On this #throwbackthursday, I share with you images of my grandfather Ed Minks with a young Joe Namath and astronaut Jim Lovell.  For those of you who don’t remember Captain Jim Lovell, he returned the severely damaged Apollo 13 spacecraft safely back to earth.  For you movie buffs out there, you might remember that Jim was portrayed by this actor in the 1995 film based on the historic event.  

These photographs were taken at a trade show for American Machine and Foundry (AMF) circa 1969 at Madison Square Garden.  In a nutshell, AMF was once one of the largest recreational equipment companies in the United States.  They owned brands like Head, Voit, and Harley Davidson, and manufactured everything from golf clubs and baseball bats, to parts that propelled spaceships into orbit.  Which brings us back to Joe, Jim, and Ed.

Ed worked for AMF and often hired celebrities to attend their trade shows and events in order to up attendance, secure media attention, and generate awareness of their various products and brands.  What I find so interesting about these photos, isn’t Joe Namath’s cool 70’s hair style, but how 40+ years later, we are still leveraging the power of celebrity and live events to reach consumers.  Yes, we’re now armed with advanced technological tools and fun hashtags, but at the heart of it all, not much has changed.

“The past is just us in funny clothes”.  This is what Mike Tyson told fans and media at a recent launch event for his new memoir “Undisputed Truth”.

To learn more about MATTER’s sports, entertainment and experiential marketing capabilities, drop me a line.

With XOXO From SXSW In ATX

Wednesday, 19 March 2014

By Karen Menez

Every year, Austinites brace themselves for the mayhem that is SXSW. What started as a small music festival in the late 1980s has seen exponential growth over the years and now welcomes more than 72,000 registered attendees. While film, interactive and music remains core to the festival, there are also multiple opportunities for brands across various disciplines to get involved, including SXSWedu (education), SXSWComedy and new this year, SXSports. 

Savvy marketers continue to take advantage of the incredible pool of influencers who flock to Austin with robust activations that weave in the local flavor. With big names like Lady Gaga, Kanye and Jay Z descending upon the festival, year-over-year there is a challenge for brands to break through in a major way; however, for brands looking to be judged by the company they keep, SXSW is definitely the place to focus.

As newbie to the scene, I was excited to immerse myself in the SXSW 2014 experience. I soaked it all in, checking out panels, talking to attendees, eyeing various sponsor activations and venturing into the SXSW trade show to see first-hand the music-film-interactiveness that overtakes this city that I now call home. With Austin slowly returning back to normalcy with this year’s festival in the rearview mirror, here are my on-the-ground musings and observations from ATX:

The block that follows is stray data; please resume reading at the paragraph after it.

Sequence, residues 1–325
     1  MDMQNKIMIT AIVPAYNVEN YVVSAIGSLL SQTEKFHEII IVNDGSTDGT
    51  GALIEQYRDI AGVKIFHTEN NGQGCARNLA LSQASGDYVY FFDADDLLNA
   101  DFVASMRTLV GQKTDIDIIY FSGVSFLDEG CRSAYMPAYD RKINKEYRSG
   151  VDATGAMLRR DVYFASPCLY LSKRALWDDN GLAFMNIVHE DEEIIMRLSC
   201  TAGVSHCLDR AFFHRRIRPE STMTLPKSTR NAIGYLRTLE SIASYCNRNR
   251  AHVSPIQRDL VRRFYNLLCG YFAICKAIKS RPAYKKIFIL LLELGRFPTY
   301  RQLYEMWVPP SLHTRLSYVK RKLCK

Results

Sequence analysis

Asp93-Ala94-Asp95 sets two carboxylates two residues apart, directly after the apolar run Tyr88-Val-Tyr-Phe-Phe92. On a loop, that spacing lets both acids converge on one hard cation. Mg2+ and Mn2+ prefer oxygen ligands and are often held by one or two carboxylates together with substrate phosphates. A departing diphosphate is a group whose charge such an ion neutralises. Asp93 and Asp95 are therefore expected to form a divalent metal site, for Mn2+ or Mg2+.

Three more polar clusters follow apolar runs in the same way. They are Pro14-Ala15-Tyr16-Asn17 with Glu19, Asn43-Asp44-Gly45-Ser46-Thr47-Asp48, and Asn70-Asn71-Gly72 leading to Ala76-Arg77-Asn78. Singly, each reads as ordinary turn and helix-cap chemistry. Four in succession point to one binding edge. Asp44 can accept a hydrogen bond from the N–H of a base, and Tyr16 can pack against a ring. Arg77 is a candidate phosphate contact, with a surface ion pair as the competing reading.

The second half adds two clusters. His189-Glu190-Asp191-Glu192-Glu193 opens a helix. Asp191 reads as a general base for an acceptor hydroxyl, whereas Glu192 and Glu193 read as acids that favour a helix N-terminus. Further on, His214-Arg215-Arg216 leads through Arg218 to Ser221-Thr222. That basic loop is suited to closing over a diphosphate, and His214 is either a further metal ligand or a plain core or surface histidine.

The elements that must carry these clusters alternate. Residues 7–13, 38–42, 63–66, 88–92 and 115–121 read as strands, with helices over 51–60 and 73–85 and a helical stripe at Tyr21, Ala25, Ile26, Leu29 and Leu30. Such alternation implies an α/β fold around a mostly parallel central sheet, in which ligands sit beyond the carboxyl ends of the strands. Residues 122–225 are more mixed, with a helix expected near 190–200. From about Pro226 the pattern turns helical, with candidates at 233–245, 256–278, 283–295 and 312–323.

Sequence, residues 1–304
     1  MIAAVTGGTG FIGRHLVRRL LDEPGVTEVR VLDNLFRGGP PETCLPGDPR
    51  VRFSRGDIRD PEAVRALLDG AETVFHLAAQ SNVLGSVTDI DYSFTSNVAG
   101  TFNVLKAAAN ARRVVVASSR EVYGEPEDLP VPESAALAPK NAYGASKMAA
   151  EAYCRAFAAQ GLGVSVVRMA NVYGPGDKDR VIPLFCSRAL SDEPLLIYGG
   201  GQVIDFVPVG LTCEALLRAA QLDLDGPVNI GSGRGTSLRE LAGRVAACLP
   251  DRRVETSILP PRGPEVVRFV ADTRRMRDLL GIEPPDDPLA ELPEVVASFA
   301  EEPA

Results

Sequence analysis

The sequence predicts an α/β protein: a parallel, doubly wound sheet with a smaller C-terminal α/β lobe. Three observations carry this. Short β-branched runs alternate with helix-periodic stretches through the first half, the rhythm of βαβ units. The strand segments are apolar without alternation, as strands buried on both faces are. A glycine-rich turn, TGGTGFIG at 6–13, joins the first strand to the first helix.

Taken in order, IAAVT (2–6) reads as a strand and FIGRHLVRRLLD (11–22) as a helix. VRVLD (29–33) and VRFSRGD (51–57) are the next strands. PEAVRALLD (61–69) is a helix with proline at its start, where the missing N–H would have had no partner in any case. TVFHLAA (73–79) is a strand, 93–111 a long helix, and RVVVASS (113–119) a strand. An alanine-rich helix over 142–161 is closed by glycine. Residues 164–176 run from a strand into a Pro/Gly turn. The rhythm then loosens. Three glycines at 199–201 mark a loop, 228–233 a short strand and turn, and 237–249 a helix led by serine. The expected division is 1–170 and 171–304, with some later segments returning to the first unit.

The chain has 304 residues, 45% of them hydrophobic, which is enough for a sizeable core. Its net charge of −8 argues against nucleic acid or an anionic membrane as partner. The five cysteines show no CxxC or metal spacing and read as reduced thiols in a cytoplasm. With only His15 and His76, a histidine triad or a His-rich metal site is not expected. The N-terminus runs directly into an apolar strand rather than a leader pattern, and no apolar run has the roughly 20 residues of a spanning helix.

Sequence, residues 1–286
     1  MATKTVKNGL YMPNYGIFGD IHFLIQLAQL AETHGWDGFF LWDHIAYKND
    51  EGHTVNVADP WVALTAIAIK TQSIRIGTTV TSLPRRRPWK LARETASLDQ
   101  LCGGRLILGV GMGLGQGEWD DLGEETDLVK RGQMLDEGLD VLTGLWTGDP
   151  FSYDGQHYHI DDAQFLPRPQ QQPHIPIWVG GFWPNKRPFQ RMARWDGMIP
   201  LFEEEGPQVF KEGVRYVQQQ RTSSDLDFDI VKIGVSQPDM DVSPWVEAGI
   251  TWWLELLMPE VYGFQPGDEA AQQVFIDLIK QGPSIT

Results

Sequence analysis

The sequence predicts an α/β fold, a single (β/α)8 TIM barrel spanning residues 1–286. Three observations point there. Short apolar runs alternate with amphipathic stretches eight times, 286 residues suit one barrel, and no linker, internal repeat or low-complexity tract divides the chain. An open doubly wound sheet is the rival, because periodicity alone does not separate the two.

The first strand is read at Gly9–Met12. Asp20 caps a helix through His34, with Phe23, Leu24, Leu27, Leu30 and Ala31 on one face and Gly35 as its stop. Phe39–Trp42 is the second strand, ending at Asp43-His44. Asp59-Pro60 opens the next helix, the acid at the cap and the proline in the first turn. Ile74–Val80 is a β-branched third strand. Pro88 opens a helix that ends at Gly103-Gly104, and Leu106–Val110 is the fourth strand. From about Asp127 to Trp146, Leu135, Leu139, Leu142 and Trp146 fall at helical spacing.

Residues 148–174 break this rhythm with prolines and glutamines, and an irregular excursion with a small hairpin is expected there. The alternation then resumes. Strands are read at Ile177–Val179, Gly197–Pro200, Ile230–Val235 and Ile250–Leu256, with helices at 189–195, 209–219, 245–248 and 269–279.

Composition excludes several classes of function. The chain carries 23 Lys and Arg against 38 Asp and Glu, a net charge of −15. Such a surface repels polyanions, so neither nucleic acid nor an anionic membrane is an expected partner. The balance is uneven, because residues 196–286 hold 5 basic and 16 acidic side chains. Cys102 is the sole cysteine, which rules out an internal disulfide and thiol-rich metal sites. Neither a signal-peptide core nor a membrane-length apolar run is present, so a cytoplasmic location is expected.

Too Much Show – People Want More Tell: The consensus from my colleagues, who attended multiple panels, was that many of those panels were too self-promotional. Attendees got the most out of panels that took an open-dialogue approach with a facilitated discussion versus cramming the Q&A into the final minutes. At the SXSports panel on Sports Brands’ Impact on Culture #BallerStatus, the session started out as an Adidas history lesson and then fast-forwarded to how the brand aligns with spokespeople, creates “selfie opportunities” for fans at events and uses social media as a virtual autograph session. What took me by surprise was the level of depth from the audience during the Q&A session as they kept panelists on their toes. For any brand looking to put themselves on display at SXSW, they must be prepared to answer some tough questions from a highly engaged audience.

Sponsor Domination:  Brands showed up in a big way all over Austin and looked to infuse the local culture into their activations (after all, this is the city that proudly boasts – Keep Austin Weird). Iconic Austin locations from Rainey Street to Stubbs were taken over to set up musical showcases or serve as VIP lounges and experiences, branded bike messengers were on hand for mobile charging stations and Airstreams/food trucks were positioned throughout the city to recharge yourself or your phone. Many brands brought big-name celebs along for the ride, like Samsung hosting two shows for Kanye and Jay Z. The celebrity factor was definitely upped in 2014, but brands beware as not all celebs were welcomed by the locals with open arms – ahem, Justin Bieber.  

The Trade Show Circus:  The SXSW trade show at the Austin Convention Center was a three-ring circus with a diverse (and at times random) group of vendors ranging from Neon Mobile to NASA, CloudHashing to Chevrolet. It was clear that in-depth conversations were taking place in booths focused on technology and new platforms, but the highlight for me was all the interactive experiences that put the fun factor in the trade show. Many attendees checked an item off their bucket list with a spin from the iconic The Price is Right prize wheel, and NASA gave everyone a chance to have their own Gravity moment with a popular spacesuit photo opp. The reach for the two brands went well beyond the walls of the Convention Center with these simple shareable moments.